In a recent interview, Oprah Winfrey, TV host, author and billionaire philanthropist, revealed that she only really has three people in her life that she counts as a 'close' friend: broadcaster Gayle King, journalist and activist Maria Shriver, and personal trainer Bob Greene.
While those famous faces are not exactly the kind of friends everyone has, the tight number had the Internet in a flurry.
Of course, being in a position like Winfrey's where you not only possess wealth beyond most peoples' comprehension, boundless fame and connections, and, of course, a reputation for being one of the wisest and most insightful people in entertainment, would pose a unique challenge. How do you form these genuine connections with people who don't just want to be in your orbit for their own self-interest? A Pandora's Box of thoughts that come with how the rich and famous navigate friendship.
But while we may not be wise billionaires, having a limited number of close friendships surprisingly makes Oprah more relatable. As so many of us have experienced, growing up changes a lot about our friendships.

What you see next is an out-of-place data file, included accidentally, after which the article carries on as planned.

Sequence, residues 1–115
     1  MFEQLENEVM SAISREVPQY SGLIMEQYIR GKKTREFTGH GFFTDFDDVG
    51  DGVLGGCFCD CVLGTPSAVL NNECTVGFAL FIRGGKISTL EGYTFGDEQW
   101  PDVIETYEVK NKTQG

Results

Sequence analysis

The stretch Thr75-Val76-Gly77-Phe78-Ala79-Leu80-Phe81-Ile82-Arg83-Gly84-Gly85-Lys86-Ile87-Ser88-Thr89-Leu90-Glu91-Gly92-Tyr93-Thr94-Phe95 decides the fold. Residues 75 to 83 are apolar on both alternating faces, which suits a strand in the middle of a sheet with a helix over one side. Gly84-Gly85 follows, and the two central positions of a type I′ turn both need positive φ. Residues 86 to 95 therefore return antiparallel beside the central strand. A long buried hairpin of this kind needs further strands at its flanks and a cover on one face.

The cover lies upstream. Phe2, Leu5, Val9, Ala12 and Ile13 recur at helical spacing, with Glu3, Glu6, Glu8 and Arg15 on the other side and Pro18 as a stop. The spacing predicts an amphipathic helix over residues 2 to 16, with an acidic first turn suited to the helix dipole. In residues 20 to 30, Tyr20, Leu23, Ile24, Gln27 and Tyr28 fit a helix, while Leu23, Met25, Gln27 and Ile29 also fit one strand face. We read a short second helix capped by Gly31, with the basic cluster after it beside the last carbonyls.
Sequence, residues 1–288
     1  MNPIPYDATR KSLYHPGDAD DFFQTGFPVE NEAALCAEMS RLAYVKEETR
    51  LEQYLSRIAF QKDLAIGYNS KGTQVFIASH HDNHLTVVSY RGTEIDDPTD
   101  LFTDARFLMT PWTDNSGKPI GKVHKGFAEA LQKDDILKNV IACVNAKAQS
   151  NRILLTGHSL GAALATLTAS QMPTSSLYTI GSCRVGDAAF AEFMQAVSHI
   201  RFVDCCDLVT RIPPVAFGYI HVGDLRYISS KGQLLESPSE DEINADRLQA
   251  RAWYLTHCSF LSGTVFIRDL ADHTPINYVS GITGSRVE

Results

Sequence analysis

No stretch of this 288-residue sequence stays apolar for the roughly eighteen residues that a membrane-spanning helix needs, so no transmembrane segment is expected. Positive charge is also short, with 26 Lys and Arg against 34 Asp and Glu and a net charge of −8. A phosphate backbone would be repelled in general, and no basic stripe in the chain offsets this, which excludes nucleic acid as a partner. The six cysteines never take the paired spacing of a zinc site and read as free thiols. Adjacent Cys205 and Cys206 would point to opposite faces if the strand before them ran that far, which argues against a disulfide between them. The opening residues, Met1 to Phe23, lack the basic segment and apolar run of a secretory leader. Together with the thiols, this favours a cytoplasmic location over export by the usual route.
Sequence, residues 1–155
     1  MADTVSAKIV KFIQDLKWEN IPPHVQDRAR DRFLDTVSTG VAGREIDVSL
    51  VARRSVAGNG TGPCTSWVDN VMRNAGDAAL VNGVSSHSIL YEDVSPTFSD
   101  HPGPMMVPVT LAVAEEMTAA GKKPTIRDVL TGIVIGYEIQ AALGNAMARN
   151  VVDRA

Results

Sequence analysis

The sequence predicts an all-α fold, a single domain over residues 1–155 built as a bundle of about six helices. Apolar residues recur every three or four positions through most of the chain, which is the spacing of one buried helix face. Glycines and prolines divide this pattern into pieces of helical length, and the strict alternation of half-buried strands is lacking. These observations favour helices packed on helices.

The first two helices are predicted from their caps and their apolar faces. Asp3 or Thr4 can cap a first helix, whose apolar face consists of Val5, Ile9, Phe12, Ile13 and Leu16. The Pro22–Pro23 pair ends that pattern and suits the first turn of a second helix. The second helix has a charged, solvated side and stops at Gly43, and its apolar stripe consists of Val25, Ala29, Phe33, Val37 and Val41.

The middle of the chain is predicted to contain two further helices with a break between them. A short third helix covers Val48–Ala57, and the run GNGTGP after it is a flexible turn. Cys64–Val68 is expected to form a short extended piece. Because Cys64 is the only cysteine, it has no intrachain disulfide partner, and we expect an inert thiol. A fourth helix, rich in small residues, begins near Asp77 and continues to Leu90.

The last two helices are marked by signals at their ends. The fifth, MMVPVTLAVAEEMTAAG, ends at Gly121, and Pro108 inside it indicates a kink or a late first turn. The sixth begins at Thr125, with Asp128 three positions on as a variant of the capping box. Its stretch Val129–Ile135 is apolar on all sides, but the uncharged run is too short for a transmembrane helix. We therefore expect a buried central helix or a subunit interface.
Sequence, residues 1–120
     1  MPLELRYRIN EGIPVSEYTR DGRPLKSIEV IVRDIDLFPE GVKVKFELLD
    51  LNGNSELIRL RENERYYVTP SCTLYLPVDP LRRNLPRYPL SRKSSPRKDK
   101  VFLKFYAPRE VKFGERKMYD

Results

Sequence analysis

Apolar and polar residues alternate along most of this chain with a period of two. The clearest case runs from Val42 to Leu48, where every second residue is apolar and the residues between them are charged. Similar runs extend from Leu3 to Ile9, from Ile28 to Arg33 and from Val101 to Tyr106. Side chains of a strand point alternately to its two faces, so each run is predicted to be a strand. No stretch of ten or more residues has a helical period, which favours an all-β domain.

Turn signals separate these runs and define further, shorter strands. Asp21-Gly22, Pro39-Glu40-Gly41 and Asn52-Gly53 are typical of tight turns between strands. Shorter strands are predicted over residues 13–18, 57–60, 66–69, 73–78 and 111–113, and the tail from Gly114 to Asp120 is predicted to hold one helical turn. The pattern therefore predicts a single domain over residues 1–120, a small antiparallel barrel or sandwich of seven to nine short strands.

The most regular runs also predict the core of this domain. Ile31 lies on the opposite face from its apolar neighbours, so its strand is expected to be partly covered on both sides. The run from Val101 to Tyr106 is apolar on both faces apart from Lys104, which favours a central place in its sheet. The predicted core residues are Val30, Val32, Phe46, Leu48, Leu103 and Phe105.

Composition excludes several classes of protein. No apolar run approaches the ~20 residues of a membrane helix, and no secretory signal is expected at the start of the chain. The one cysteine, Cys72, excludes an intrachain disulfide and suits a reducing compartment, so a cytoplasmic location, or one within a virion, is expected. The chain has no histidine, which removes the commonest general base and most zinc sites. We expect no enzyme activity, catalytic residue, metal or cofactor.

For those of us who came up in the age of social media, the idea of friendships has always been uncertain. We were blessed to have kids' shows and sitcoms that put healthy friendships front and centre and showed us that friends can be the family we choose. On the other hand, they instilled the idea of the 'nuclear' friendship group where if you didn't have a close group of friends — your Miranda, Carrie, Charlotte and Samantha, etc. — you were doing something wrong. Then with social media becoming a pillar of our lives, our idea of friendship became even more warped — the criteria for 'friendship' online is slim. It was a numbers game and we were hardly running checks on all the vague acquaintances we were accepting.
By 2021, our online habits have evolved, and while our use of Facebook has waned over the years, the friendships that social media brings have only gotten weirder. With Instagram and Twitter, we now have 'followers' instead of friends. I may not be friends with someone; I may have never even have met them, but it means something that we follow each other on a little app. #FriendshipGoals has racked up 12.2 billion views on TikTok, but we're lonelier than ever. Oprah has 20 million followers on Instagram but her close friends make up less than 0.00015% of that figure.